A very entertaining article – yes it is just an opinion, but it tells how much money a bank that just repaid TARP had to pay in interest and also illustrates some TARP conditions: http://www.wboy.com/story.cfm?func=viewstory&storyid=57393

    “Are you suggesting that companies that took TARP money (because they are so big hearted) and then decided to hold lavish events (as an example) were within their rights as companies to spend money however they saw fit? Perhaps only the ones that were “forced” to take the money should be allowed to use that money wastefully?”
    Ethically or legally? In many cases TARP money was a fairly small percentage of total money the bank had. Ethically, I’d imagine the bank that never wanted this money in the first place has a perfect right to use some of its other money for whatever purpose. If you have 10 billion and borrow another 1 billion, don’t you have a right to use a small part of your own 10 billion for whatever you want? I do agree that the bank that depended on this money for survival shouldn’t ethically throw lavish parties. But legally, the only obligation companies had was what was written in the contracts. As long as they paid interest on the preferred stocks the government owned and satisfied other requirements they legally could “throw parties”.

    Does your mortgage holder tells you if you can waste money on remodeling your kitchen?

    ”If the government perceives abuses to the good will of the American taxpayer and the misuse of their tax money, they get to change the laws/regulations.”

    The laws shouldn’t be retroactive. Also any governments’ creating laws based on “perceptions” is probably dangerous. Especially if some of these laws are not even constitutional (I”ll let TML comment on that if he wants).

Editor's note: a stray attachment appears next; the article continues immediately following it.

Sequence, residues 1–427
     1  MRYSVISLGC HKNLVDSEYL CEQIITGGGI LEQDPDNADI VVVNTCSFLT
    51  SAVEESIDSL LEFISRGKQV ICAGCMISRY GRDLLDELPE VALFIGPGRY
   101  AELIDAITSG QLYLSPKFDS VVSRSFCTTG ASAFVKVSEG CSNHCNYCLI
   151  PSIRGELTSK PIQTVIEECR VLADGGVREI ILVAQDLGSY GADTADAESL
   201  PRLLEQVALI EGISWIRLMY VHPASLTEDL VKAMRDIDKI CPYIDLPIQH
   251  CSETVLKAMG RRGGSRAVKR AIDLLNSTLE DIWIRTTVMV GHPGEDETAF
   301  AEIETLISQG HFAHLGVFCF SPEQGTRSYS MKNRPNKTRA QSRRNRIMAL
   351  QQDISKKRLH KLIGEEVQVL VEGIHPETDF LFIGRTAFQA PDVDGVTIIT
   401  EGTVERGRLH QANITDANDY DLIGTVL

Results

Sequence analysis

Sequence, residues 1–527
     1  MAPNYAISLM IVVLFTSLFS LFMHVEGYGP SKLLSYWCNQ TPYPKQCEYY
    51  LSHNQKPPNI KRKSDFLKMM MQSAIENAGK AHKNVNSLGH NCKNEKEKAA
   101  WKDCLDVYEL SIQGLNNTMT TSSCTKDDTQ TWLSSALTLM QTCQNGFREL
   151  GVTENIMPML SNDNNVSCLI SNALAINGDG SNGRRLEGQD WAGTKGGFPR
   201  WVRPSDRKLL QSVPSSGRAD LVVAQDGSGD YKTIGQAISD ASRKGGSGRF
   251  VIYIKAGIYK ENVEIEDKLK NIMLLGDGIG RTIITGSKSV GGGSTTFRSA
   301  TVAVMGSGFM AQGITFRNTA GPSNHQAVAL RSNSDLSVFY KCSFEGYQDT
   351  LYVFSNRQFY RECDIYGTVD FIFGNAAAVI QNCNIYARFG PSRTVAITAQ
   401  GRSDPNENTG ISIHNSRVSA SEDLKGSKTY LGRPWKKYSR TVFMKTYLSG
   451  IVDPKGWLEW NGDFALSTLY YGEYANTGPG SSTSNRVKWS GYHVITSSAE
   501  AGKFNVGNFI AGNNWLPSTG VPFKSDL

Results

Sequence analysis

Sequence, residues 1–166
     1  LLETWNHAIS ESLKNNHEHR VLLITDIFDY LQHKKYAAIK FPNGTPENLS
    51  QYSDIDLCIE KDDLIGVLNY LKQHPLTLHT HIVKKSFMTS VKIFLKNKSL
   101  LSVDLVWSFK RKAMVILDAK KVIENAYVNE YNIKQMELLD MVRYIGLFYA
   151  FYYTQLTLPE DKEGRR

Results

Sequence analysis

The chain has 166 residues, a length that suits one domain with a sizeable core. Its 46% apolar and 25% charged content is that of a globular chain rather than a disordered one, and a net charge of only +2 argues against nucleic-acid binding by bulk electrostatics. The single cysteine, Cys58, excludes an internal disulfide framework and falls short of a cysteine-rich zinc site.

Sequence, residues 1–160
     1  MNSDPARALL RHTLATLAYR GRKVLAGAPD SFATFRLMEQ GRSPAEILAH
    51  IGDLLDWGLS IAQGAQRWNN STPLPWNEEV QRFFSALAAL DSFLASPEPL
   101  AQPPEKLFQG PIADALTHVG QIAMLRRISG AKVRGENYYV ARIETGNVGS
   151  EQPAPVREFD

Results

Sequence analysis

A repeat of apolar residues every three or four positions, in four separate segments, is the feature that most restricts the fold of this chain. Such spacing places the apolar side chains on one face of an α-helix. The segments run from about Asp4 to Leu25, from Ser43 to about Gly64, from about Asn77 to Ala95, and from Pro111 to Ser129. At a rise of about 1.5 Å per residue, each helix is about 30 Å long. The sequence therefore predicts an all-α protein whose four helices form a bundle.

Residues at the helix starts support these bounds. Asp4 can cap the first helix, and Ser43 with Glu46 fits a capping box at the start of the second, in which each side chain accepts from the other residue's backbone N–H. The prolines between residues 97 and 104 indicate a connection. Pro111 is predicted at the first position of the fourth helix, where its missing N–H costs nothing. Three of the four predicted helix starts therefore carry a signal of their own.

“The bankers are distressed because getting a loan from the Feds is a nightmare for them. Does anyone not think that is the right message for these bankers to take away from this whole fiasco?”
    This class warfare, posturing and changing rules after the fact is hurting more than just a few CEOs. Would you deal with a lender who changed rules on you after the fact? Yes credit cards do it, but at least they warn you about it even if in fine print. Forget loans, would you deal with any party that started changing rules on you after the fact? Not to mention, that the government’s action would result in strongest banks’ repaying TARP sooner – instead of continuing getting high interest and potentially making money on the investment – and only weakest banks holding TARP money. But the main problem is that this is endangering success of future government programs and hurting the recovery.

    “I think the skittishness that remains in the market (and rightfully so) has more to do with this than your suggestion. Concerns about the dollar would be my best guess, but who knows?”
    You are determined to find any reason for it other than blaming lack of trust in the government. Sure, some of these things you mention may be one of the reasons. But again, would you deal with anybody who changes the rules on you after the fact and is capable to create a law to allow them to do so?
    Most of the analysts I heard in fact mention what I said – nobody trusts the government any more not to change the rules. I did hear a number of banks’ say that “they learned their lesson” on dealing with the government and don’t want to continue. Read this article: http://www.cnbc.com/id/30470105 : “While administration officials say they never expected every bank to participate, large banks whose involvement was regarded as vital to the plan’s success have said they will not be involved. Executives worry that whatever assurances the White House gives them, an angry Congress might impose new rules on banks that participate, particularly on pay.” Again, this is just an opinion, but it makes sense.

  32. Rick Beagle says:

    Kitty,
    You and I must be living on different planets, because you and I are looking at the same data and coming to completely different conclusion. On the matter of TALF you read that government interference is scaring away large financial institutions, but I read that we still have a long term viability issues:

    But the disputes over the stress tests, which have been administered to 19 big banks, and a lackluster reception to the third effort, the Term Asset-Backed Securities Loan Facility, or TALF, are also potential worries.